Tesh said...

Melf, that's why I really wish that the gameplay itself would be the reward, not an endless chase for the loot drops. It changes the whole attitude of the playerbase, and I think, for the worse.

Anonymous said...

Hey Melf, check out http://www.telaratribune.com - one of the posters there has done a series of "what we know" videos that do a great job of explaining what Heroes of Telara is all about.

Crimson Starfire said...

Re balance: I agree with you although data mining is still crucially important. Setting up contacts to the top guilds is a great idea, but you need to remember that 'the assassin won't tell you his methods unless he stands to lose something of great worth'.

Re grind: I used to think the subscription model was the main cause of grind, but I've come to realise that grind equals re-use of content, which equals lower development costs. The sub model is still a problem, the ultimate problem is low game budgets.

I actually don't think that the tank/healer/dps trilogy is a problem. It doesn't matter how hybrid you make the classes, players will still go down one path further than the others. Those three base classes are something that I think will never change, and doesn't need to. It's the ease and ability to shift your position on the class triangle that's important (i.e. free repsecs, multi-classing etc).

Raids are just a method to insert repeatable instanced content. Dynamic worlds should eliminate the need for these (hopefully).

Yup, and its the fact that people are so used to aggro bubbles and accept them, that we have a problem moving forward. How do you know to ask for a titanium sword, when you and everyone else has only ever used a copper one?

I'd love to see monster AI that was as unpredictable as another player. Might be a bit rough on the server, but that's a hardware boundary that can be overcome.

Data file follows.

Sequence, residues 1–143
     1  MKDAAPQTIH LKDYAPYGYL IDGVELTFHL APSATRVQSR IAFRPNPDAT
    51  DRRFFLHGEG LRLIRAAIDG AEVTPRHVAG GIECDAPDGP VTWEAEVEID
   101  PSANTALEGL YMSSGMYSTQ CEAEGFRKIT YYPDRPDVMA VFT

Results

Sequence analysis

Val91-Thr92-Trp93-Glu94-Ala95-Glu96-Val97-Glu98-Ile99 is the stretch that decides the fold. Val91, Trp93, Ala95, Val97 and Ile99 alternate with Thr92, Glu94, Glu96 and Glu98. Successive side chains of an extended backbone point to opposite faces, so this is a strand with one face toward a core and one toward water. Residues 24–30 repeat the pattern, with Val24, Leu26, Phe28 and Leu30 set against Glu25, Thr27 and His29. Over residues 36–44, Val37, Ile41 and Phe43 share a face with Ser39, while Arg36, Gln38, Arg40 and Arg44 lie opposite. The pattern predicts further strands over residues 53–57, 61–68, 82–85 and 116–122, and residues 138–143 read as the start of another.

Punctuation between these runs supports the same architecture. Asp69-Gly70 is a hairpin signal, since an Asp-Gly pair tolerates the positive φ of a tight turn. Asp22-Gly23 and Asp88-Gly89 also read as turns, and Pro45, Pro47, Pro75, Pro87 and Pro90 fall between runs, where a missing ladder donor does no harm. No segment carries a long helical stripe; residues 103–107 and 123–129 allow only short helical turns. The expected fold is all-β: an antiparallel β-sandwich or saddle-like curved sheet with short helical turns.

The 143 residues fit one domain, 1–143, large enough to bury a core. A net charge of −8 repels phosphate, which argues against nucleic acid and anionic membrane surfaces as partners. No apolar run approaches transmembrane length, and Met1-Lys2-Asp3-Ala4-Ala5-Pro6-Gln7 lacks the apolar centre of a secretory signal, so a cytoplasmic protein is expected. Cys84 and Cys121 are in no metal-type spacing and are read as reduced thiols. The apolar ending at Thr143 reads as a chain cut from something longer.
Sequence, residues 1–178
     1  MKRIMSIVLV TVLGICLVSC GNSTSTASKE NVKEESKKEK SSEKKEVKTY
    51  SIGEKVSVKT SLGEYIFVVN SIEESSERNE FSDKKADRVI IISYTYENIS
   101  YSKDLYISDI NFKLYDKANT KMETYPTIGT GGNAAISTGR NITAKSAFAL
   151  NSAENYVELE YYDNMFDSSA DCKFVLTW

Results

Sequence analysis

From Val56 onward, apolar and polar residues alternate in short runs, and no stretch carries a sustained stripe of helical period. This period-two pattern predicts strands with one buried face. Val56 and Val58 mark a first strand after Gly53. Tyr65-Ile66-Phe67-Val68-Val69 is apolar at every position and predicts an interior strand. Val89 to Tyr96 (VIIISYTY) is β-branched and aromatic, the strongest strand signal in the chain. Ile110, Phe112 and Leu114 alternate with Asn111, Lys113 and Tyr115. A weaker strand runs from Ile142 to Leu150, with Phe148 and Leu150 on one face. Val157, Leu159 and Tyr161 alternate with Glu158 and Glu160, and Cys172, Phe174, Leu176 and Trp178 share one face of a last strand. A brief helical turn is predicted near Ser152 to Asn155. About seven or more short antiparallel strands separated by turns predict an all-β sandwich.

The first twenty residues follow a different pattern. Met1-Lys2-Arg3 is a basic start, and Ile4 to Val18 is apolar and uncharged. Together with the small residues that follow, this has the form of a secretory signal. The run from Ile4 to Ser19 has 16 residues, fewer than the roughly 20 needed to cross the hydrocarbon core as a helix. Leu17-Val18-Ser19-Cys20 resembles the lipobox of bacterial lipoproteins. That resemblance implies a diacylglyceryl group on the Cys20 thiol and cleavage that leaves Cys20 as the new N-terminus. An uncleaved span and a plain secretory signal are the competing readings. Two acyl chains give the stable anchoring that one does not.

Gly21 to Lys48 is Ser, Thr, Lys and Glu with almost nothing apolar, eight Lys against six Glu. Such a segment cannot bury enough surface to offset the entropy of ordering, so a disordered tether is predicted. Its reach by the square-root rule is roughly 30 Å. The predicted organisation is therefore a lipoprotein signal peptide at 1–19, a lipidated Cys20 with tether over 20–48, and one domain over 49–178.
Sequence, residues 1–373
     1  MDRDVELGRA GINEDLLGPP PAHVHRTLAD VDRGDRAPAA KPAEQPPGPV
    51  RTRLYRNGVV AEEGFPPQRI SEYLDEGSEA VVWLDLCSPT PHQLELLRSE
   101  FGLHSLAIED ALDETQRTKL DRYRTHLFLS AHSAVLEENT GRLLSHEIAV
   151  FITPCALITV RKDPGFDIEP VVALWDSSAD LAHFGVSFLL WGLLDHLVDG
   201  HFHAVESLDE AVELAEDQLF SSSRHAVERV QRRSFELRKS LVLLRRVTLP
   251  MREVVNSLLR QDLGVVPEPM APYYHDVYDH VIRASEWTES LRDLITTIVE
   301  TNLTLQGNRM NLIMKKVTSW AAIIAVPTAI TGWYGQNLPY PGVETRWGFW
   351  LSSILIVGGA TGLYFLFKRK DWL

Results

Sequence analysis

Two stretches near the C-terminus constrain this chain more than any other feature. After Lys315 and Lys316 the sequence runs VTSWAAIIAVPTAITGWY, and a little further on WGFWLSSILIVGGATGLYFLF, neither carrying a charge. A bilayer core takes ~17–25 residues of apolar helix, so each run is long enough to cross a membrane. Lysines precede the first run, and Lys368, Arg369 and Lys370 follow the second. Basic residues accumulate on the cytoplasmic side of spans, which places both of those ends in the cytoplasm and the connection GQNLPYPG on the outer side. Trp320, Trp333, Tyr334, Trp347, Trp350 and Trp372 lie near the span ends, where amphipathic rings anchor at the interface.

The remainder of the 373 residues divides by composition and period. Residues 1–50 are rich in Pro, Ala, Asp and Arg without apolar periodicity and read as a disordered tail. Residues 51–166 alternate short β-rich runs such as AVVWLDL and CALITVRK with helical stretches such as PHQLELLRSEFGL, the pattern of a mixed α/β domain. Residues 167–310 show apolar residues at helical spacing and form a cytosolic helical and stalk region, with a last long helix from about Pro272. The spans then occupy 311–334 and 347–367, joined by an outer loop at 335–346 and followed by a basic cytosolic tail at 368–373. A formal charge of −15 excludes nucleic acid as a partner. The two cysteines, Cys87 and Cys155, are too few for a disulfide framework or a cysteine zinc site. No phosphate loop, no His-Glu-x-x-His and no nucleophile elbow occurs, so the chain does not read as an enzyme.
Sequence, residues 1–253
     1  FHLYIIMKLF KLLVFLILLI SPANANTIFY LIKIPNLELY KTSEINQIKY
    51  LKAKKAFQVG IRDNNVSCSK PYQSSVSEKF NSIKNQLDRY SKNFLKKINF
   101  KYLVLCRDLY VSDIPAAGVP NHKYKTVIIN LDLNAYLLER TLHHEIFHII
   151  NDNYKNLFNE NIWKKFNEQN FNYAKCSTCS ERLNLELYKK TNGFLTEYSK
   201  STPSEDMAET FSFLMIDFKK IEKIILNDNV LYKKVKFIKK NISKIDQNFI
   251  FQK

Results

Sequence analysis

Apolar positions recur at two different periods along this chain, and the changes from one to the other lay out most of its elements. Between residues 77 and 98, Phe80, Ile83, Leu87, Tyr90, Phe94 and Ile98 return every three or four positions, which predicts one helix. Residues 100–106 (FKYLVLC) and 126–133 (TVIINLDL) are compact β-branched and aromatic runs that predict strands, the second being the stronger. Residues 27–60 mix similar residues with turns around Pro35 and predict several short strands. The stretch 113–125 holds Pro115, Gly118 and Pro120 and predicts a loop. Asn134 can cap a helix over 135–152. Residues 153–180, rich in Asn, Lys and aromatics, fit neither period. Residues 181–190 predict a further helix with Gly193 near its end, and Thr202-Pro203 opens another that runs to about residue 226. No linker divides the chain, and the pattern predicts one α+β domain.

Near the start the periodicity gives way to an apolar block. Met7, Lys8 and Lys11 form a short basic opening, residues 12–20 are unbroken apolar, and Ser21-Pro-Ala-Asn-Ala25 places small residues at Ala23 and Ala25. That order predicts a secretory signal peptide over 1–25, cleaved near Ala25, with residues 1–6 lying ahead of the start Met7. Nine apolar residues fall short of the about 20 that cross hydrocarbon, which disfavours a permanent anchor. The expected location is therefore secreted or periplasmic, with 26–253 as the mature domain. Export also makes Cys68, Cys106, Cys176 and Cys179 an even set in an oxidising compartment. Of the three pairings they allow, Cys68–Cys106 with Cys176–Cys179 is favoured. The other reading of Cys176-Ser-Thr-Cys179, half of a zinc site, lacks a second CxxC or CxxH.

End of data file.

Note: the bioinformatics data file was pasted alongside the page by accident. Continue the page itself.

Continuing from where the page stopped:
Thanks for the link, it's a great article. I agree, MMOs are stagnant at the moment because designers aren't thinking outside the square. It's a bit disappointing really. If I had the power to play god to a fantasy world, I guarantee you that I could think of a few better things than a WoW clone!

Thanks for the link. I had no idea that Trion even existed. If what they say is true, then it sounds like someone in the industry finally has their head screwed on straight. You definitely have my attention now.

Melf_Himself said...

Nice quote Crimson, I'll have to remember that ;)

"Those three base classes are something that I think will never change, and doesn't need to"

Dude, we may just have to get a blogger's divorce over that one. Holy trinity? Really? Sigh.

Re: grind... The easy way to test your hypothesis is to compare MMO's to games that don't have subscriptions. These games don't have grind. So why do MMO's have grind? Single player games could just as easily re-use content in the same way.

Crimson Starfire said...

Whats to divorce me about? You can't change the base classes. A rock will always be a rock. Scissors will be scissors and paper, paper. The best you can do is make it as easy as possible for a player to transition between the base classes. This could be in the form of hybrids, multi-classing, or even clever respecing. If you spend 50 hours+ leveling a healer and then suddenly decide you want to be DPS, there shouldn't a penalty involved. Free range movement between the triangle of Healer, DPS and Tank should be what MMO 2.0 provides. Not an alternative to the base classes, which is what I took Spinks to be talking about.

Re grind: Single player games only need to cater for around 20 hours of play. MMOs need to be for 100s of hours. Hence the re-use.

Melf_Himself said...

Think about Guild Wars - the core of the PvP game is certainly rock/paper/scissors. In this case we could call Warriors rock, Monks paper and Mesmers scissors.

But is this tank/healer/dps? No - warriors do all the DPS but they also have the highest armor. Monks do heal, but mostly they prot instead. And mesmers don't fit into the 'holy trinity' standard at all.